Published on Real World Economics Review, issue no 61, by Asad Zaman [International Islamic University, Islamabad, Pakistan], Sptember 2012.
Abstract: The elevation of scarcity to the fundamental economic problem rests on some unstated normative assumptions. These include a political commitment to private property, a methodological commitment to not inquire about taste formation, and the idea that human welfare is roughly equivalent to preference satisfaction. The problem arises because current methodology is based on certain positivist principles, and needs revision in light of subsequent collapse of positivism.
1. Introduction: … //
… 6. Conclusions:
Carnap (cited in Putnam, 2002, p. 18) writes that “All statements belonging to… Ethics… are unverifiable… and unscientific. …we describe such statements as nonsense”. The positivist attitude of respect for science, and open contempt for the ‘unscientific’ was absorbed by the vast majority of the community of scholars in the twentieth century. Strangely enough, the philosophers subsequent rejection of positivism has not been equally influential. Positivism is sufficiently deep that efforts to prove its central propositions engaged some of the best minds of the twentieth century. Its rejection required even deeper considerations, the full implications of which have not yet been absorbed.
For economists brought up on positivism – and this is the majority, according to Hands (2009, quoted in introduction) – the idea that values underlie economic theories is threatening. It is an accusation that economists are irrational, ideological and emotional.
In a post positivist world, to say that values are entangled with facts is a description, not an insult. This is the case for all scientific theories, not just economics. Instead of burying values into the framework of our theories and in the selection of relevant facts, methodological progress requires an open expression and discussion of these values. Weston (1994) enumerates four reasons why economics cannot be value free, and argues that, as a first step, we bring these ethical issues into the open air. Once this is done, it will be necessary for economists to learn ethical philosophy of a specialized sort.
Economist now generally agree that positivists were wrong about values; these exist, and can be meaningfully and rationally discussed, and even that this is useful and important. However, they feel that by focusing on observables alone, they can avoid wading into these murky waters. Forceful articulations of this argument and responses to it are available in Caplin and Schotter (2008). As we have argued at length in the present article, facts and values are inextricably entangled and we cannot discuss one without implicitly involving the other.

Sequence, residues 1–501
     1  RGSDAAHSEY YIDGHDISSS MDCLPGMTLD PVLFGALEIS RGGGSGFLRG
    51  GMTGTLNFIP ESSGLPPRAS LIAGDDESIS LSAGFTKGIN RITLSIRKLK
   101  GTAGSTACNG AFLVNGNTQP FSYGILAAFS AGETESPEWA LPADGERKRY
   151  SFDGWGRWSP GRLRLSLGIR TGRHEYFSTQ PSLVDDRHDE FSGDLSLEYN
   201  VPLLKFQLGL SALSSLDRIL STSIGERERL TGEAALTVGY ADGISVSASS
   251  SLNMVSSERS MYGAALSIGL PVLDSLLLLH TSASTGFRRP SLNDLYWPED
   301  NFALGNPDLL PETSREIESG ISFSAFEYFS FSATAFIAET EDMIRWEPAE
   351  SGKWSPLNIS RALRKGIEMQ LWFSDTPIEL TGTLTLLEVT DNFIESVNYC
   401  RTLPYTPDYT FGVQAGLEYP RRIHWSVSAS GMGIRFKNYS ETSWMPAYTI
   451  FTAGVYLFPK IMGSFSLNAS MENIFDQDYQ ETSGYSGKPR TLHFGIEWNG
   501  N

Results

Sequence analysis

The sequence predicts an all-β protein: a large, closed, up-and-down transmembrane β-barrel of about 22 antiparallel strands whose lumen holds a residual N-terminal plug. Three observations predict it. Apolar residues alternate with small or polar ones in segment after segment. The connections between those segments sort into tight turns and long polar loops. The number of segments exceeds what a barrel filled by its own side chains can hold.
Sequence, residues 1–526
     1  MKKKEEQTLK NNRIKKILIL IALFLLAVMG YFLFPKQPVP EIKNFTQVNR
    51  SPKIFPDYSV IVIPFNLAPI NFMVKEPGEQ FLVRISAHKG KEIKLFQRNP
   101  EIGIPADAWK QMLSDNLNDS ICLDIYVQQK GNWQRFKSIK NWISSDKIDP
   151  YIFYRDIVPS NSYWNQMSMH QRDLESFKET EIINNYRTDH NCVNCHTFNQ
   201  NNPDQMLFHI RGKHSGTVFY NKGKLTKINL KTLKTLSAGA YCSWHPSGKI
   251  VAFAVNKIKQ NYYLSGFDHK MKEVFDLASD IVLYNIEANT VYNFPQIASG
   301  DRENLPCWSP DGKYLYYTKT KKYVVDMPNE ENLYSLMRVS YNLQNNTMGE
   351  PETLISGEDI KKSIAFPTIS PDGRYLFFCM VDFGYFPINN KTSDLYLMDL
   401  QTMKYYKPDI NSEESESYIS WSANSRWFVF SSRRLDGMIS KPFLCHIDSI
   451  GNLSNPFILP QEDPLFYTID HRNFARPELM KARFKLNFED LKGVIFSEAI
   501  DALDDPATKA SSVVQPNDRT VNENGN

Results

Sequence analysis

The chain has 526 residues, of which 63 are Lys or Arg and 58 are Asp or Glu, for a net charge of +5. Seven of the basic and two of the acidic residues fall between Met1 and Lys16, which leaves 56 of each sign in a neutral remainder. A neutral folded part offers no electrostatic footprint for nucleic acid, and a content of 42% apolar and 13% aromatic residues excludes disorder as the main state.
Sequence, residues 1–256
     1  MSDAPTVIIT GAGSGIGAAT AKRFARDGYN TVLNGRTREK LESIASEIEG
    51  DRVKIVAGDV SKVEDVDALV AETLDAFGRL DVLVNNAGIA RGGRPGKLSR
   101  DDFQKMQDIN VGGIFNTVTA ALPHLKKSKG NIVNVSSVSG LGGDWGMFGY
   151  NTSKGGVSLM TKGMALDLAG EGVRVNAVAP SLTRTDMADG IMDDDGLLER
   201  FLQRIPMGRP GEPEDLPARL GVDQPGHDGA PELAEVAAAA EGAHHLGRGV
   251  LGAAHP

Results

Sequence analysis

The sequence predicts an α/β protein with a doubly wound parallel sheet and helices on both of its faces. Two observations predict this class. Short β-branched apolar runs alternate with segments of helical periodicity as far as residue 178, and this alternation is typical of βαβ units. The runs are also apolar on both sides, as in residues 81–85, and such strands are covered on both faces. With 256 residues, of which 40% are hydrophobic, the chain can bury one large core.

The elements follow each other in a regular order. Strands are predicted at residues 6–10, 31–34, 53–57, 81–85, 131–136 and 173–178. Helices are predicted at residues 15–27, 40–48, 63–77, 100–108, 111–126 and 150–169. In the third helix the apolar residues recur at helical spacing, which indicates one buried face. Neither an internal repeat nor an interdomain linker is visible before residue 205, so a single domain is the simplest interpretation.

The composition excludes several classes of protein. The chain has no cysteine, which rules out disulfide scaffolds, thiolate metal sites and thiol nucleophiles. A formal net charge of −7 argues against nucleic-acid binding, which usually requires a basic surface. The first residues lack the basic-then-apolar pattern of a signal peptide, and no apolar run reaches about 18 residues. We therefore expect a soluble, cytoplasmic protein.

A second common argument is that mathematical optimization problems are crisp and clear, while ethical arguments are deep and murky, and have been discussed for centuries without resolution. Furthermore, economists are not equipped with relevant skills to solve them. This argument is the analog of looking for the key under the lamppost instead of where it was dropped in the dark. Sen has said that “it is better to be vaguely right than precisely wrong.” Once the inevitability of dealing with ethical issues is recognized, economists will acquire the relevant training. This should be considered as a challenge and an opportunity to explore new realms of intellectual possibilities. As Weston (1994) has noted, precisely the same process occurred when mathematical skills were seen to be necessary by the profession: requisite mathematical skills became part of the standard syllabus in economics. Substantial progress has already been made, and there exists sufficient material and in-depth treatments of ethics and economics for several courses at both undergraduate and graduate levels. We need to organize this material into courses, and make such courses part of the standard curriculum in economics.
(full long text – pages 22 to 39 of RWER/no 61 – and References).